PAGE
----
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FDA Clears Use of Rotavirus Vaccine, Rotarix

Also endorses continued use of RotaTeq; RotaTeq linked to lower hospitalization rates in new study

MONDAY, May 17 (HealthDay News) -- The introduction of the RotaTeq (RV5) vaccine is associated with a reduction in hospitalizations for acute gastroenteritis in children under 5, according to research published in the June 1 Journal of Infectious Diseases. And the U.S. Food and Drug Administration (FDA) has announced that health care professionals can resume using the vaccine Rotarix, and continue using RotaTeq, to prevent rotavirus in children.

Aaron T. Curns, of the U.S. Centers for Disease Control and Prevention in Atlanta, and colleagues compared hospitalization rates for acute gastroenteritis among U.S. children younger than 5 years of age during pre-RV5 rotavirus seasons from 2000 through 2006 with the post-RV5 2007 and 2008 seasons. The researchers found that the median rate for the 2000 through 2006 rotavirus seasons was higher than the rates for 2007 and 2008 (101.1 hospitalizations per 10,000 children compared with 85.5 and 55.5, respectively).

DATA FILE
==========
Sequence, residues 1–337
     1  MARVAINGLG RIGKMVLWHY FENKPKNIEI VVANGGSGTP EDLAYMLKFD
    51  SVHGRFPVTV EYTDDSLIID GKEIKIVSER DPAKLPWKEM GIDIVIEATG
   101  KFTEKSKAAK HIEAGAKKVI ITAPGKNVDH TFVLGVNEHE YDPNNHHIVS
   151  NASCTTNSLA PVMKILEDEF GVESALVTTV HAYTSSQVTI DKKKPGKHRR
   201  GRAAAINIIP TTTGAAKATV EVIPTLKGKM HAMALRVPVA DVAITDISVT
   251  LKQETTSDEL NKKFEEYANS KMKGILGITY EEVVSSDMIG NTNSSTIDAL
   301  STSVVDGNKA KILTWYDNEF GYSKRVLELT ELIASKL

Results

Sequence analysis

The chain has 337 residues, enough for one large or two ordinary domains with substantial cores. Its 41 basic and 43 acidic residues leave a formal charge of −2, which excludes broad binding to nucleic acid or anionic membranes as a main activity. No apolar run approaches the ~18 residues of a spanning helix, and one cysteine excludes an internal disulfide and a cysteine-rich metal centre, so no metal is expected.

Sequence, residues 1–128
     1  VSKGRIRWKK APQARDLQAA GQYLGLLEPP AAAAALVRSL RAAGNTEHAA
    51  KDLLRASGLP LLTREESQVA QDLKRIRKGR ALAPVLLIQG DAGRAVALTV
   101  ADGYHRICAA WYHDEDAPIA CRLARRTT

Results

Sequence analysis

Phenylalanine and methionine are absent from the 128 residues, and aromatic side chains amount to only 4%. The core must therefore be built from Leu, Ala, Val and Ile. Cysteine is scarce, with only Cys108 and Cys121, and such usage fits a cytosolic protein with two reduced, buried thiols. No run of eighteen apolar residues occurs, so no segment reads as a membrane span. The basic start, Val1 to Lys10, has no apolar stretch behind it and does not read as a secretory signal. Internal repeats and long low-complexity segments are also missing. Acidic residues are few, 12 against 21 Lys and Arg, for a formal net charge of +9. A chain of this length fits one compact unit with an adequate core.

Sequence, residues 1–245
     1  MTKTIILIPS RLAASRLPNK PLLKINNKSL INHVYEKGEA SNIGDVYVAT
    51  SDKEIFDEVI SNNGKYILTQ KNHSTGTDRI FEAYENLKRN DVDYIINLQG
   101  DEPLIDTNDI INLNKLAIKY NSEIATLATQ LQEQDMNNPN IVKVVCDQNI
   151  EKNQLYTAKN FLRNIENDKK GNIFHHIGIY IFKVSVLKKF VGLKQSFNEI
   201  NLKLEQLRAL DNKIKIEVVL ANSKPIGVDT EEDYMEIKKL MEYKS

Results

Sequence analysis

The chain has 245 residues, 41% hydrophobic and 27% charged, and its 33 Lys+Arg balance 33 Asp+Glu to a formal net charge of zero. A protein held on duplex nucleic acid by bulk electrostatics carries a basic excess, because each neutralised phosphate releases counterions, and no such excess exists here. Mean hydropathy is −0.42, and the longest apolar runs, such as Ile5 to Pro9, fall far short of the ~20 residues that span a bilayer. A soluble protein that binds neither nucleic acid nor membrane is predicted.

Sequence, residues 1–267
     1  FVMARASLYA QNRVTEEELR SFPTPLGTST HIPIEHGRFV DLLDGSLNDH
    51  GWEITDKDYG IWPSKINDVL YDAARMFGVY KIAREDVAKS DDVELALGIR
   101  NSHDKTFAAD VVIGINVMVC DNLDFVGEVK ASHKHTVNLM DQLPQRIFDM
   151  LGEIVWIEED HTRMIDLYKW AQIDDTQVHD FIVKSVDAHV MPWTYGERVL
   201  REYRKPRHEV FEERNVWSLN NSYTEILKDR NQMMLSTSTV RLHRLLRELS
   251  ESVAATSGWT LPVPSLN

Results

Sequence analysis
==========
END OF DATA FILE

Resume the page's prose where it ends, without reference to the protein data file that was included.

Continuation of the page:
In other news, on March 22, the FDA recommended that use of the rotavirus vaccine Rotarix be temporarily suspended due to concerns over the presence of porcine circovirus type 1 (PCV1). The FDA was also aware of DNA from PCV1 and PCV2 in RotaTeq. On May 14, the agency announced revision of its rotavirus vaccine recommendations and that it is appropriate for health care professionals to resume the use of Rotarix and continue the use of RotaTeq.

"FDA has no evidence that either PCV1 or PCV2 poses a safety risk in humans, and notes that neither is known to cause infection or illness in humans," according to a May 14 posting by the agency. "In addition, both rotavirus vaccines have strong safety records, including clinical trials involving tens of thousands of patients as well as clinical experience with millions of recipients."

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